Pandemic restrictions will not dash women’s basketball team’s progress and hope – The Bowdoin Orient

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Ann Basu
JUST A BUMP IN THE ROAD: Maddie Hasson ’20 (ABOVE) drives past a Tufts opponent in last Friday’s narrow loss to the Jumbos. Anika Helmke ’22 (BELOW RIGHT) and Tatum Angotti ’22 (BELOW LEFT) cheer on their teammates.

Unfazed and determined despite having to watch their fellow athletes at other NESCACs returning to campus to practice and play together while they remain physically separated, the Bowdoin women’s basketball team has been training, adapting and staying connected since the summer months, hoping for a traditional season come winter.

“We were able to keep our preseason schedule pretty similar to what it usually is,” said captain Moira Train ’21 in a Zoom interview with the Orient. “It looks a lot different because everybody’s not in the same place, but we’re still lifting three times a week, speed training twice a week, and we play pick-up [basketball], depending on numbers, two to three times a week.”

Since some upperclassmen on the team are living together in Harpswell, they are able to practice together and keep each other motivated. Annie Maher ’21, another captain who is living with Train, explained that they conduct speed workouts, weighted exercises and shooting drills from their backyard.

Captain Dorian Cohen ’21 largely credits Head Coach of Strength and Conditioning Coach Neil Willey for the team’s success up to this point.

“He went out of his way to make a bunch of different videos of himself in his home, doing a backpack with rocks exercise and other workouts just to make it accessible to everyone,” said Cohen in a Zoom interview with the Orient. “I think that’s a big reason why this summer, and continuing into the fall, we were able to stay fit.”

However, staying fit is not the only factor in the team’s success; they have also been working tirelessly since the summer to strengthen their team culture and bring first years into the team dynamic.

“Communication has always been a really key value for our team, so I think we’re just trying to maintain our standards in a unique way,” Maher said in a Zoom interview with the Orient.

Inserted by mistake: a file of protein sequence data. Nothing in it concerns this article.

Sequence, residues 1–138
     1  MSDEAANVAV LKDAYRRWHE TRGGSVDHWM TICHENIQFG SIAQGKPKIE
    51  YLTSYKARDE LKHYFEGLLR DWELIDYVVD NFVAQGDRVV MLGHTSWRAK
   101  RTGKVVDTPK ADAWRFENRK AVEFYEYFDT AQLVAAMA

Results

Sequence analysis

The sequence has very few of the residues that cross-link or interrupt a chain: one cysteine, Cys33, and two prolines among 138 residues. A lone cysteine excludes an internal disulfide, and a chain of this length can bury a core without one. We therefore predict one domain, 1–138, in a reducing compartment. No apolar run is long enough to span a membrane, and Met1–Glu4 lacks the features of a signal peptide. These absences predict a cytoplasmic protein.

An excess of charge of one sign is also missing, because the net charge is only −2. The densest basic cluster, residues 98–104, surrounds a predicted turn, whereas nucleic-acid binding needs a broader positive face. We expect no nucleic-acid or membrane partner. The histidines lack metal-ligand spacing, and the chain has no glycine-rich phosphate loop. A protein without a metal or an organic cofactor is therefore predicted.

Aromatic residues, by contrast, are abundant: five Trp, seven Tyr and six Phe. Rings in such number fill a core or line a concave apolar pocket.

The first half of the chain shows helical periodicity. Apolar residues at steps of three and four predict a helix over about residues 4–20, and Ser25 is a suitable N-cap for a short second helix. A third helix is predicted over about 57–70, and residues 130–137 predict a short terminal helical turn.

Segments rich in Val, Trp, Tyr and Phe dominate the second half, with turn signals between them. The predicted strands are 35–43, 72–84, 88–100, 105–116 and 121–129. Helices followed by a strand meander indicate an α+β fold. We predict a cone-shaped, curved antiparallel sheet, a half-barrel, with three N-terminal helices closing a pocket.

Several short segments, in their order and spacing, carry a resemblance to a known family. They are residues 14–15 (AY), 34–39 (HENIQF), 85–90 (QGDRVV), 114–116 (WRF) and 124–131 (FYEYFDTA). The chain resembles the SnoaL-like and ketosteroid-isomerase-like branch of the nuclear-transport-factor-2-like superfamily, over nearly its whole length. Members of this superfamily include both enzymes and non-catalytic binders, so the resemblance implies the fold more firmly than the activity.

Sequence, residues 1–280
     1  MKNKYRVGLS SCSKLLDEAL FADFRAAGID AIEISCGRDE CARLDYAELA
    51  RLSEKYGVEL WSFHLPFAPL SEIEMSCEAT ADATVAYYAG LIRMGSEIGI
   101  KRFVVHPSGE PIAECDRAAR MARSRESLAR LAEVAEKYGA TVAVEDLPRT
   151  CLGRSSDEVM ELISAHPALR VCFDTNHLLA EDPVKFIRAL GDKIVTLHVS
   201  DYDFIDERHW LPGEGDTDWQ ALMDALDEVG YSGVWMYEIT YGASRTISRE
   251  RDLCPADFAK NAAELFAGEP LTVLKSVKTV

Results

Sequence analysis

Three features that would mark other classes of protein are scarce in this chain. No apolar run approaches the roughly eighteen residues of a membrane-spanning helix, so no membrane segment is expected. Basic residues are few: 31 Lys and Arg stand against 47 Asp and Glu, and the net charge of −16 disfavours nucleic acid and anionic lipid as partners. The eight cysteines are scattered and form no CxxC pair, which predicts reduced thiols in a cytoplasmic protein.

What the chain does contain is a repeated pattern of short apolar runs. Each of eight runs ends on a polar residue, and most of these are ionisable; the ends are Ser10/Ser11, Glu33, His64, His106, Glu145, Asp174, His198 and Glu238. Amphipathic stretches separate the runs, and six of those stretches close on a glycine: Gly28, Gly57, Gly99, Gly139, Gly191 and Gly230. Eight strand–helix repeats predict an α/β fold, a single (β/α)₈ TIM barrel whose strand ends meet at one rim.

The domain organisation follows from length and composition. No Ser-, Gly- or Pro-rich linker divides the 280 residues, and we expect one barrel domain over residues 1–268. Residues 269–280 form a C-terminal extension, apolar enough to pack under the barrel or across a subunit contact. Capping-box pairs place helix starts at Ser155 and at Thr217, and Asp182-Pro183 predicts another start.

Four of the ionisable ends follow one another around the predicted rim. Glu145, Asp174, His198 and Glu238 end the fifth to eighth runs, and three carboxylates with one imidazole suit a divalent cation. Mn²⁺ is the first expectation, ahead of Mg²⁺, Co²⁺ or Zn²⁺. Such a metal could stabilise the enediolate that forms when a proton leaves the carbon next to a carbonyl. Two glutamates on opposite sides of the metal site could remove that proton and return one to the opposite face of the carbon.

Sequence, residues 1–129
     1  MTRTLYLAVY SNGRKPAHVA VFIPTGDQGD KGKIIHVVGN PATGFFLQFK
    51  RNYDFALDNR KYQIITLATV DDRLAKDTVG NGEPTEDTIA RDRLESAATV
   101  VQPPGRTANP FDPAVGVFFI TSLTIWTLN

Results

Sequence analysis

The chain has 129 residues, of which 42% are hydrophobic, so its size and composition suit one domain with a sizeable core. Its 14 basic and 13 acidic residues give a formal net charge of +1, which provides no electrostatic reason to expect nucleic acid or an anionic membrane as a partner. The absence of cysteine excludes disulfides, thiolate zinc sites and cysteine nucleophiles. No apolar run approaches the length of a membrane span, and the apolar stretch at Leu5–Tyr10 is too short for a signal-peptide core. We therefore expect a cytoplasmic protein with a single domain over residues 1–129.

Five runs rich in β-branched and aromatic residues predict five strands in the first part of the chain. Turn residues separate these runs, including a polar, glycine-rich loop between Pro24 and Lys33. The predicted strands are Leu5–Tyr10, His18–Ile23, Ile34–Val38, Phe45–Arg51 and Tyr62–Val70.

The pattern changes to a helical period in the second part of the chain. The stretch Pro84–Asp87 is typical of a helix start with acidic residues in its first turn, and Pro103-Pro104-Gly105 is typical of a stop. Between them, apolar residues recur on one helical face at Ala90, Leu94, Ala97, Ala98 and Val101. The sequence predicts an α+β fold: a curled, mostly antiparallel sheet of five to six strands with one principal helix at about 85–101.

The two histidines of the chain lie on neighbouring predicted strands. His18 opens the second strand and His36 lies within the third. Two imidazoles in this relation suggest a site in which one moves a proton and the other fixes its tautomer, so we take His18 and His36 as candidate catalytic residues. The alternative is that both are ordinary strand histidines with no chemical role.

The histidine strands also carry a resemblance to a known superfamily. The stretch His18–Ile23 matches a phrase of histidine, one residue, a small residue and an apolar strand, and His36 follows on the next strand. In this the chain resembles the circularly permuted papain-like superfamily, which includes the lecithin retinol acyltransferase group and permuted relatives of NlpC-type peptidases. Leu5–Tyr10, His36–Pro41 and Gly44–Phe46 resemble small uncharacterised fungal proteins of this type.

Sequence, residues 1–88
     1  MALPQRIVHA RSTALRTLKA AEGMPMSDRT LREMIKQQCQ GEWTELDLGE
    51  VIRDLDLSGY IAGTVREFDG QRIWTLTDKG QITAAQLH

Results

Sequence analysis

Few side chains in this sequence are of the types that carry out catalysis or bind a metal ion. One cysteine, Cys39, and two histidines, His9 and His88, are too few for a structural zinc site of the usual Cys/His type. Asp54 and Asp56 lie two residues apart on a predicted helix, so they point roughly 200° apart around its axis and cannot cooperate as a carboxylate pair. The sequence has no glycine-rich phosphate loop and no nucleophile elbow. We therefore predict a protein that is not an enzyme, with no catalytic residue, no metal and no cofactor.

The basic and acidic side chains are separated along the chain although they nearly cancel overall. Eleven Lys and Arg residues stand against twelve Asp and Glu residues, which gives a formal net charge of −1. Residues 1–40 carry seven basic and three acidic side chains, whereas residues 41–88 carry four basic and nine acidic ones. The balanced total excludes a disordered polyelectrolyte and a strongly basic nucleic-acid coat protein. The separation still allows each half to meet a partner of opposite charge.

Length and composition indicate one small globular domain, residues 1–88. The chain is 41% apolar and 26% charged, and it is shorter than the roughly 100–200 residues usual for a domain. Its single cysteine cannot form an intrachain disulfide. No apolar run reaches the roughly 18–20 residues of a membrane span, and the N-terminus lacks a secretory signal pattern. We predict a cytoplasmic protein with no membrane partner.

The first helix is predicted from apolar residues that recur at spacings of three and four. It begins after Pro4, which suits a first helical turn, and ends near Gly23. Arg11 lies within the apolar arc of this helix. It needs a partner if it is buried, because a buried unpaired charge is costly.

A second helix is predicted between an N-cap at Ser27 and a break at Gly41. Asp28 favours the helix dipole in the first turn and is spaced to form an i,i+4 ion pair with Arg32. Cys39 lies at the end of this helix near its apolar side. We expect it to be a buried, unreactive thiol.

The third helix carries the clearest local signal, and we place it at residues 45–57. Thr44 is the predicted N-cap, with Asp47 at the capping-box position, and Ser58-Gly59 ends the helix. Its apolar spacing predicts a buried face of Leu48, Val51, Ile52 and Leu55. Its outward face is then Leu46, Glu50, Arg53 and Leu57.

From group workouts on Zoom or FaceTime to virtual Netflix movie nights, the team has done it all over the past few months. With players in various locations across the country, and some even taking time off, creating and maintaining connections has become the team’s first priority.

Hoping to grow closer with the first years and recognize them as integral parts of the team, upperclassmen welcomed their new teammates before they even arrived on campus.

“We actually started last spring,” Maher said. “We added them to our GroupMe, they hopped on all our team calls and we’ve been including them in everything our team is doing and treating them the same way we’re treating each other.”

The team’s goal is to establish community from the ground up. By seeking out and building relationships with first years as soon as possible, they are able to strengthen those ties throughout the fall semester.

“When COVID[-19] hit, we all felt distant from each other and wanted to include [first years] right away,” Train said.

Interim Head Coach Megan Phelps echoed the sentiments of her captains.

“We try to get to know the women really well, and our team is really involved in the process,” said Phelps in a Zoom interview with the Orient. “I think that gave us a little bit of a head start because our team already knew the five first years coming in.”

Moving forward, as the Bowdoin campus transitions into “yellow” and restrictions surrounding social interactions loosen, captains and other upperclassmen hope to meet first-year players in downtown Brunswick for a cup of coffee, a walk or another type of socially distant activity.

However, despite new bonds between upperclassmen and first years, the regulations of virtual athletics present difficulties for players and coaches alike.

“I think the biggest thing is basketball is such a team sport, so when you’re working in a virtual way, you don’t get that aspect,” Phelps said. “We’re one of the only teams in the NESCAC that isn’t all on campus, so that’s a little nerve-wracking, too.”

Many other NESCAC schools, such as Bates, Middlebury and Colby, allowed their full student body to return to campus for the fall semester, despite the cancellation of all fall sports.

Cohen was frustrated by the option for those first years and their teammates to meet on campus and train together outside, which is a luxury that athletes at Bowdoin do not currently have.

“I think it’s kind of upsetting to see other schools being able to play [together],” Cohen said. “I think we’re definitely jealous of their ability to be all together.”

Despite this series of limitations and setbacks, the women’s basketball team will be well-prepared if a traditional season presents itself.

“I think we’re making the most of what we have and trying to make it feel as normal as possible,” Cohen said.

The women have not allowed the difficult combination of adjusting to both virtual athletics and classes to dampen their enthusiastic spirits.

“All of us have put in a lot of hard work,”  Cohen said. “If there is [a season], we’ll be ready.”





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